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Signs of hope for Blanding's turtles

Blanding’s turtles are one of four species of turtle found in Nova Scotia and are by far the most endangered. JASON HEADLEY-LEO
Blanding’s turtles are one of four species of turtle found in Nova Scotia and are by far the most endangered. JASON HEADLEY-LEO - Contributed

Dillon-Lorrain emerged from a protected nest about 20 years ago and nested 16 eggs herself last spring on a beach in Kejimkujik National Park.

“It’s pretty groundbreaking,” said Carter Feltham, a 22-year-old Blanding’s turtle researcher withMersey Tobeatic Research Institute in Queens County. “It’s solid proof that one of the Blanding’s turtles survived from a protected nest all the way up to adulthood to reproduce herself.”

The turtle nested again this spring, a big deal considering the Blanding’s turtle is on the endangered species list and the research institute estimates there are fewer than 500 adults in Nova Scotia. With the exception of only a few concentrations there are just four established Blanding’s turtle populations in the southwestern area of the province: Kejimkujik National Park, McGowan Lake, Pleasant River and the Lower Medway River.

The research institute still has a legion of 70-odd volunteers that remain committed to the survival of the Blanding’s turtle, by monitoring nesting areas and the turtles throughout the year. They’re involved in protecting nests with cages to prevent predation, fitting the turtles with radio tracking devices and trapping the turtles in their habitats to help monitor populations. Signs are set up in each of the four areas urging motorists to look for turtle crossings.

Feltham, a volunteer Blanding’s turtle conservationist since she was seven years old, is heading into a master of biology degree program at Acadia University this 

year. She says the population isn’t close to thriving but she sees signs of hope. Take for example in Lower Medway where a new population of Blanding’s turtles was discovered three years ago.

“We’ve been monitoring new populations there this summer, setting traps in areas where we knew there were turtles and other areas where we weren’t sure and we found new ones.

“We hadn’t been finding young turtles; they were mostly all old turtles. This year we found a six-year-old and a 12-year-old.”

“They thrive in areas where there’s little disturbance and development.

“In Lower Medway we didn’t even know they existed there until three years ago. People also attract scavengers and raccoons that eat the eggs. The turtles like swamps and meadows, areas people don’t generally like.”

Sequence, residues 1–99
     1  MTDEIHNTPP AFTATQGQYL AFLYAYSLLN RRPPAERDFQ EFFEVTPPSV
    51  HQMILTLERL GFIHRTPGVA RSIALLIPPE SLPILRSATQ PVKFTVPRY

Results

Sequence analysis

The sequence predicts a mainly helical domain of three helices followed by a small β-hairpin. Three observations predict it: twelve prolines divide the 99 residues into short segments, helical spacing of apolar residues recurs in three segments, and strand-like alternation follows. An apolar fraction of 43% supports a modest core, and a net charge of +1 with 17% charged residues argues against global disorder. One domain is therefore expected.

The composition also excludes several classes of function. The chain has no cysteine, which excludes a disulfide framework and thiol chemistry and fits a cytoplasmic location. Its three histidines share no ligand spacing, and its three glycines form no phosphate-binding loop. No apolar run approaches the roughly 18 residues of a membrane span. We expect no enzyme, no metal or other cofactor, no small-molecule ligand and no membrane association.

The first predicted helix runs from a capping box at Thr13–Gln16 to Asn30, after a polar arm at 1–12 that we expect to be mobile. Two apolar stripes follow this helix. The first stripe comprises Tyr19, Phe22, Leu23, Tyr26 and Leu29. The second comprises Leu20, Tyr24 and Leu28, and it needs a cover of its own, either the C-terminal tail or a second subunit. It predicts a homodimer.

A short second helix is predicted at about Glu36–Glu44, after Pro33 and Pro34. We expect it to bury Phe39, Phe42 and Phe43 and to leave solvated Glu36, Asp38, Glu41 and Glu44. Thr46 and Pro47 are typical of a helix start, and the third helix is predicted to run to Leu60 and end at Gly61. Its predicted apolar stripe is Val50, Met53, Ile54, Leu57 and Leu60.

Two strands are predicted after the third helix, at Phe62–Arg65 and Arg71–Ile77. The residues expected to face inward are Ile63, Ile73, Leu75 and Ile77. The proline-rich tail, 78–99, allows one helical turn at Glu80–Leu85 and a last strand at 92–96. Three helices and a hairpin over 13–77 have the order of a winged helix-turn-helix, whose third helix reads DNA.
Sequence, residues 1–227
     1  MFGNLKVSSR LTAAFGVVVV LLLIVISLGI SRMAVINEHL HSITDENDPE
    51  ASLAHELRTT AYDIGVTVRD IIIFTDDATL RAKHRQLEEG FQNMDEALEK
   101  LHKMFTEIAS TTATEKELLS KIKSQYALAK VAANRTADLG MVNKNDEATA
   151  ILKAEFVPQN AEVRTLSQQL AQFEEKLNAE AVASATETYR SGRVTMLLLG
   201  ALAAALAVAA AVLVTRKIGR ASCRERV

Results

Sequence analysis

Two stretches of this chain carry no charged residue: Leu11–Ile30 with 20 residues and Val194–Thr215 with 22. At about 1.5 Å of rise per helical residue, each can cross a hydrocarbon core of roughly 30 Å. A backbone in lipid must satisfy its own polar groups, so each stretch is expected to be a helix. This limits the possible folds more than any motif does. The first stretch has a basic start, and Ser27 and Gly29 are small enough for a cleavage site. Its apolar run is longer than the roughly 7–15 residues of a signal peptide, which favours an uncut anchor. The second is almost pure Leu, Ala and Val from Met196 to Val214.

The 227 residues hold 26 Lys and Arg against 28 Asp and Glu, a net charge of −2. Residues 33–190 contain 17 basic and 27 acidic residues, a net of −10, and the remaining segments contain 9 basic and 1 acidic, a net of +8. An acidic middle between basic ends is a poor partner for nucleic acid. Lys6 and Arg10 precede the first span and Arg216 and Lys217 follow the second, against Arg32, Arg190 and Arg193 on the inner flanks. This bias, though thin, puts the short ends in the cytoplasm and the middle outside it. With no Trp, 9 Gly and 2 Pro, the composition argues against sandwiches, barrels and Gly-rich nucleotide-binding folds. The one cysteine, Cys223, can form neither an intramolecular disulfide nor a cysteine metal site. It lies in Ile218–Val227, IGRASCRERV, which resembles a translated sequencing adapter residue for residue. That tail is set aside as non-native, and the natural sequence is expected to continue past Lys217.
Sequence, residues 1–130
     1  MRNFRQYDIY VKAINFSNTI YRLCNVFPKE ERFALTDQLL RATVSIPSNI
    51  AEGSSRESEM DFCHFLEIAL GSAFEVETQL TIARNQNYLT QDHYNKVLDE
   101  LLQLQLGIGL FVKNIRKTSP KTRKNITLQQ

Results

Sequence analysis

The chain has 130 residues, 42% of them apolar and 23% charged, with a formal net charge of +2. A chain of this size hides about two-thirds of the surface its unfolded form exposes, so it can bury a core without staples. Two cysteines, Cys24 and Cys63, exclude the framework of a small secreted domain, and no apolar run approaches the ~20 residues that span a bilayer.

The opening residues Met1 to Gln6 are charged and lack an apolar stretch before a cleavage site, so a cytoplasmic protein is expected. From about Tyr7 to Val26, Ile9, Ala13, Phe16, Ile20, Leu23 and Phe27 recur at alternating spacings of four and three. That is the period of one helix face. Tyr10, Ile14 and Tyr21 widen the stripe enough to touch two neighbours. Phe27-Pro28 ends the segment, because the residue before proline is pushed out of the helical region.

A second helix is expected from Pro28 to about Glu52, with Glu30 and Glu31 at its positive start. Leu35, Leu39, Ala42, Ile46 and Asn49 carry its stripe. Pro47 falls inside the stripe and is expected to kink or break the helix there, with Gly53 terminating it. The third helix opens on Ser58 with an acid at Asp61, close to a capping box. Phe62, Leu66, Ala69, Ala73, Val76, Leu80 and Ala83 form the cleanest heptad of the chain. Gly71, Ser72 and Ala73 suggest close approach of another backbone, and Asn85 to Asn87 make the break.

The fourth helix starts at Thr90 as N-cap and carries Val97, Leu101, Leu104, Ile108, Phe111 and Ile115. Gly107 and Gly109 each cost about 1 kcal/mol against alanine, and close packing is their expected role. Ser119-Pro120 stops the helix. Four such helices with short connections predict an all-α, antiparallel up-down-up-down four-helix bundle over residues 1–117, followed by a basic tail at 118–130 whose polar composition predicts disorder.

Biologist Duncan Smith was one of the peoplebehind the slow-down signs that were first erectedalong roads near Blanding’s turtle habitats 10 yearsago and every summer they go back up. At the timehe was employed with Kejimkujik National Park and convinced the Department of Transportation to support the project, a partnership that continues today.

He remains a volunteer with the research institute.

“Turtles tend to have areas where they spend the summer, areas where they like to nest, where they like to overwinter,” said Smith. “They move through the landscape a lot more than people realize. Roads do two thing, they create barriers where animals need to cross. For turtles, they create nice places. They can get a lot of sun and a lot of heat and have nice gravel roadsides, which can often be used for nesting and it’s perfect for egg incubation.

With that come road fatalities. Two females the group had been tracking were killed on roads in the last 10 years. Both were mature, egg-carrying females.

“As humans we’re pretty good at changing our landscapes and we can do it pretty quick. We can change things pretty drastically. For critters that are long lived (they can live up to 75 years) like turtles it takes them a long time to adapt. If we change the landscape it can be really detrimental to the species.

“So if we can protect turtles, then hopefully we can keep them around for generations to come so our kids’ kids’ can still enjoy them.”

Both Smith and Feltham say the Blanding’s are a one-of-a kind critter.

“For me they’re really special,” said Smith. “They just seem to have smile on their face on the rare occasion you see them. They’re beautiful and distinctive with their larger shells, high tops, their yellow flecks, their bright yellow and orange necks.”

For the past decade and a half he’s been committed to seeing them eventually thrive in Nova Scotia.

“People say why worry about one species. Well, if you lose one species from the ecosystem, one, it’s sad, but two, it means something has changes quite drastically. So by protecting the Blanding’s turtles we’re contributing to environmental conservation and helping the turtle and ourselves at the same time.”

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